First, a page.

FedEx claims it Will “start-lapping” Amazon by 2021

FedEx’s bumpy relationship with Amazon may have instigated its fiscal second-quarter earnings slump, but the shipping company says it could outpace its competitor in fiscal 2021.

“If you think about all the positive things we’ve said and that we’re seeing, as we get into 2021, we will start lapping Amazon,” FedEx CFO Alan B. Graf Jr. said regarding the company’s earnings call on Tuesday evening. “Without giving you specifics, we’re at the bottom, and we’re going to come up off the mat and we’re going to improve through the rest of this year and into the next”.

FedEx’s Move

FedEx has invested a lot to expand its ground-delivery services in order to run seven days a week all year. Graf said those investments, along with “operational synergies” in Europe, will start to pay off in the company’s fiscal 2021.

Earlier Tuesday, FedEx reported weaker-than-expected fiscal second-quarter results and decreased its full-year earnings outlook for 2020. On Wednesday, Its shares slid by 10%. The company has lost just over 4 billion in market value since Tuesday’s close and the stock is down by about 9% year to date.

The company accused the disappointing quarterly results on feeble global economic conditions, increasing costs associated with ground-delivery expansion, online holiday sales moving to the third quarter, and the “loss of business from a large customer”, which Graf later confirmed was Amazon.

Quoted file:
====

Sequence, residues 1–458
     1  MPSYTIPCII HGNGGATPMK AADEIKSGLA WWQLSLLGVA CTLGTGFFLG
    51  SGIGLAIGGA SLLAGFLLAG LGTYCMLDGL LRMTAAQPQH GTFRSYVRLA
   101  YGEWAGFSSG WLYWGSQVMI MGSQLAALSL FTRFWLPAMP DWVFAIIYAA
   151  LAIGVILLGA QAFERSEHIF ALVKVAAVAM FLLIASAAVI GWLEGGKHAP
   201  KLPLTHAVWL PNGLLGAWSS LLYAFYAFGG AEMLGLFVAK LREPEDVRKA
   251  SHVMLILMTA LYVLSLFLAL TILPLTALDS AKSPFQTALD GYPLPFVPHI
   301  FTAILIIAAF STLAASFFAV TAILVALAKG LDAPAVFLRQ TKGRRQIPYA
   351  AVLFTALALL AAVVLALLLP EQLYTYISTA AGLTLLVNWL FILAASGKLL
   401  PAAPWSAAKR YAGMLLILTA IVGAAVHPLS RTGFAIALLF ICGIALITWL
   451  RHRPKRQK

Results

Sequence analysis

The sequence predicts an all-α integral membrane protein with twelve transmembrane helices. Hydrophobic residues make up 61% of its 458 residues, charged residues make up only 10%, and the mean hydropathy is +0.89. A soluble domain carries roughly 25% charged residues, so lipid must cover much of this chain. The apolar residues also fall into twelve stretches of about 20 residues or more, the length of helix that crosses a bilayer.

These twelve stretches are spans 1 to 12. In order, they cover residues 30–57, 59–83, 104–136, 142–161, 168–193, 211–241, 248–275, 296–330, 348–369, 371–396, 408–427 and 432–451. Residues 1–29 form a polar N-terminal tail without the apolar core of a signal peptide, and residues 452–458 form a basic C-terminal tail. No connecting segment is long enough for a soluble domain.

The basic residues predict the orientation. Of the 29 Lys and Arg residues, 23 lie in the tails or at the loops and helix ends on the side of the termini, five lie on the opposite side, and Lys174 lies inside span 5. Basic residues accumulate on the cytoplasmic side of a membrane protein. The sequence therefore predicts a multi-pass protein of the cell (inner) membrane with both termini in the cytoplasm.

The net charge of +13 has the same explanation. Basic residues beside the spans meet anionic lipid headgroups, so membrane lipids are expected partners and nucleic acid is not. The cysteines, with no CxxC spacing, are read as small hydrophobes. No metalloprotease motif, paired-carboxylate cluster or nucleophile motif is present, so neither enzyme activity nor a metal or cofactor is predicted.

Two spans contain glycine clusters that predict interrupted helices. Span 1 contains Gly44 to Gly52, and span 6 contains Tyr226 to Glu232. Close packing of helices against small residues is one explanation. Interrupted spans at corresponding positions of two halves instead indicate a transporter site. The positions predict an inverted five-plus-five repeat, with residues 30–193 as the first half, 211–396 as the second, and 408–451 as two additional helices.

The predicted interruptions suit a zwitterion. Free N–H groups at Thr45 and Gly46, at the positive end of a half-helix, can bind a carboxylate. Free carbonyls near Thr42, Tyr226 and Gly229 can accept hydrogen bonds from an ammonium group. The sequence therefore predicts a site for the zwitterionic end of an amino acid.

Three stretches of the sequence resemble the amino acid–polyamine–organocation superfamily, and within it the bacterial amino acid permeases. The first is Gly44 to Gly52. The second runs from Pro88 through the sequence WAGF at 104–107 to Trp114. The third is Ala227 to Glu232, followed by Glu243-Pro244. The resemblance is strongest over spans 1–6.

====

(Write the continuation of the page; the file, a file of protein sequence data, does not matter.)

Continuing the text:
Graf said, “The loss of volume from Amazon had a larger negative impact to the second quarter than the first quarter since the FedEx ground contract with Amazon expired in August”.

In August, FedEx declared that it plans to end its ground-delivery contract with Amazon; it stopped its express US shipping contract with Amazon in June.

Amazon’s answer

Earlier this week, Amazon retaliated by announcing it will temporarily avoid third-party sellers, which consists of 58% of its total merchandise sales, and will not be using FedEx’s ground and home delivery services for Prime orders.

Amazon said FedEx’s poor delivery performance was the reason for its decision, as it wanted to make sure shoppers would receive their packages on time for Christmas. The company didn’t indicate when it would resume the service.

Ideally, this is a risky move for sellers during the busiest shopping period of the year; it threatens to throw many of their businesses into a tailspin. Sellers were forced to find a new carrier which may lead to potentially higher upfront costs as a result.

The feud between Amazon and FedEx has heated up significantly in the past year. In September, FedEx started addressing Amazon as a competitor, after denying the company posed a threat. By building up its delivery network, Amazon has gradually distanced itself from FedEx and UPS.

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